Just this week Boeing Commercial Airplanes CEO Ray Conner announced that the redesigned battery has “made a great airplane even better.” So Boeing engineers and machinists in Everett saved the 787, reconfiguring and remaking parts to put the 787 together again. What do these workers, and the taxpayers of our state get for their generosity and forbearance with Boeing? A Boeing investment in South Carolina for a duplicate 787 production line. Next up? Boeing is laying off 1,500 engineers and 800 Machinists in the Puget Sound area, while creating 2,000 new jobs in South Carolina and outsourcing engineering work to its design center in Moscow — that’s Russia, not Idaho…

We need to figure out how to keep our highly trained and educated machinists and engineers working in Washington. Right now our state has the deepest concentration of aerospace intelligence anywhere in the world. We have the facilities, the runways, the production capacity to build airplanes. So rather than the state being a promoter for Boeing, we have to be a promoter for aircraft manufacturing.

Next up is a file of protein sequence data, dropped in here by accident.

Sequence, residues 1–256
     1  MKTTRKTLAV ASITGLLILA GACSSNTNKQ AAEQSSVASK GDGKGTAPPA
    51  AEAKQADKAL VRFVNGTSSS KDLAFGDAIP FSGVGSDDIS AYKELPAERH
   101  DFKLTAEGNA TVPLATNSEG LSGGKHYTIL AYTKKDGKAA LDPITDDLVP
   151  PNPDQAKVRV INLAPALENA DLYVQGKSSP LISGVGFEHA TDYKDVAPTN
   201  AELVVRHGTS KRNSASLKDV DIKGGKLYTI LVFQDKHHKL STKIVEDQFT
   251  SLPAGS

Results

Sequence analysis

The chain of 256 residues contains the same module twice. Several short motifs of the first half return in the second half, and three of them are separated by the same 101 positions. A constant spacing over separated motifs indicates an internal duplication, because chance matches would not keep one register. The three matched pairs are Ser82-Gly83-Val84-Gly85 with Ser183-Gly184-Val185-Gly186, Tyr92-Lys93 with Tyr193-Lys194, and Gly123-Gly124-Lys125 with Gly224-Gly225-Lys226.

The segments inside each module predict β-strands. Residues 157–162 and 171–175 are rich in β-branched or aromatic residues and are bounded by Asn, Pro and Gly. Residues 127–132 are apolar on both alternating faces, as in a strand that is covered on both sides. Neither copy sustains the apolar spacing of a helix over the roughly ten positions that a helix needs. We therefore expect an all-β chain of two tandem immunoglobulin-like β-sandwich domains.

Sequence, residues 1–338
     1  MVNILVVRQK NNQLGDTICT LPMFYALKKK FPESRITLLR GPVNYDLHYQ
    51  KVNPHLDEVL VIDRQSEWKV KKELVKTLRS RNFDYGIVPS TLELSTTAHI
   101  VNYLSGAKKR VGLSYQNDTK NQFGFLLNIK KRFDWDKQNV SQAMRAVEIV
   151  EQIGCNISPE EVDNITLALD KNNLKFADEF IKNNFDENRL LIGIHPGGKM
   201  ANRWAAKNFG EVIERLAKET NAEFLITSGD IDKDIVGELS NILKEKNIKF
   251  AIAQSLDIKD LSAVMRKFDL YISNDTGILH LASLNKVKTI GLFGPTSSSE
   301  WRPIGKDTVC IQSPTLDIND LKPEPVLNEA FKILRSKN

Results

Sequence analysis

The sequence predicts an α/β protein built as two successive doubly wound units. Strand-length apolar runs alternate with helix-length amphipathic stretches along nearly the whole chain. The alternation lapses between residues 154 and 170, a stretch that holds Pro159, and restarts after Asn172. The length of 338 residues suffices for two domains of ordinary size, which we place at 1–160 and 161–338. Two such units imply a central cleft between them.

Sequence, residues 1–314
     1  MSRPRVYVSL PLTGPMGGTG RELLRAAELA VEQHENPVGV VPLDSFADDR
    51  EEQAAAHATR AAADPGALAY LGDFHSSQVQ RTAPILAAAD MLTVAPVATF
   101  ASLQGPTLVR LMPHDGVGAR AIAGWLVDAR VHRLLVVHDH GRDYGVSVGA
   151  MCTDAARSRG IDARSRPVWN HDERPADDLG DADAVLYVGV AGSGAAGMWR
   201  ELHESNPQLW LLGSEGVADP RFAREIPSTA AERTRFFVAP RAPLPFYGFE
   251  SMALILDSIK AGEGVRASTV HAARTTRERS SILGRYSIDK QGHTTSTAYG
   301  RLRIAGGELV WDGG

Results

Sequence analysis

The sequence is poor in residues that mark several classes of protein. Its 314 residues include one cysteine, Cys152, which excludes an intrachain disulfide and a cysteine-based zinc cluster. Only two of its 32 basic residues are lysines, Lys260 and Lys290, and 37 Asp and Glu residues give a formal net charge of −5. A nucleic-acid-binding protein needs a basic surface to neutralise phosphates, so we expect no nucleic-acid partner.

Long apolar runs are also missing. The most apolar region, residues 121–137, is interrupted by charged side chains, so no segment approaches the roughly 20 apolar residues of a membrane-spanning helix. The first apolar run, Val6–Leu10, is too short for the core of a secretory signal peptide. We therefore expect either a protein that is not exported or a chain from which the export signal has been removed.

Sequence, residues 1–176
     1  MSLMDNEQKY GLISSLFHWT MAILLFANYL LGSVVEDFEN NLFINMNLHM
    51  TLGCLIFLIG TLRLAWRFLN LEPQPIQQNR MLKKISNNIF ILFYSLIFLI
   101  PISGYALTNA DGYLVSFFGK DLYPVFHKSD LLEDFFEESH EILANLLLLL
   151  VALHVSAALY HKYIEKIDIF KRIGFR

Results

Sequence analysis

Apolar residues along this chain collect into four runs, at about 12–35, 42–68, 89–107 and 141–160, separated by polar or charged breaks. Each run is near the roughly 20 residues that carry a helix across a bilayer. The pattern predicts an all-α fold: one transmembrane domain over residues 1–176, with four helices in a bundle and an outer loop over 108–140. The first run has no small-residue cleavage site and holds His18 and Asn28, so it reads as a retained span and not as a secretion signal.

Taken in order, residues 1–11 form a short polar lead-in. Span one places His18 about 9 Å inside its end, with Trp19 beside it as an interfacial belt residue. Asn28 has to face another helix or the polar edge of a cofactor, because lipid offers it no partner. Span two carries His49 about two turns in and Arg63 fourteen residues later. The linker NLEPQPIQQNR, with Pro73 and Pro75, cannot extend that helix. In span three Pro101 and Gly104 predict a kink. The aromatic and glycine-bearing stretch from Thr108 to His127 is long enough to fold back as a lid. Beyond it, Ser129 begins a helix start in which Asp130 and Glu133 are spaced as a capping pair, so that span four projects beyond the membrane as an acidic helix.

When Boeing demands tax concessions to build the 777X here, we should bargain. Yes, we will give these concessions, but let’s make sure we are a better steward of these lost tax dollars. Let’s write into the law requirements for the number of local jobs created and the wages paid as a result of these giveaways. And if those jobs aren’t created, let’s claw back our tax dollars to fund public education.

There are other aerospace companies out there — Bombardier and Comac, for starters. They want to manufacture in the U.S., because we have a huge market in flying. We don’t have to engage in a race to the bottom with other states to get aerospace business here. We have a high road for production that will attract manufacturers through a highly skilled organized workforce, with high production standards and incredible shared expertise. When you are building something as complex as an airplane, which can’t stop working in the middle of a flight, that is what you want. High road production insures profitability, a skilled, well-paid, and motivated workforce, and a good quality of life shared among all of us.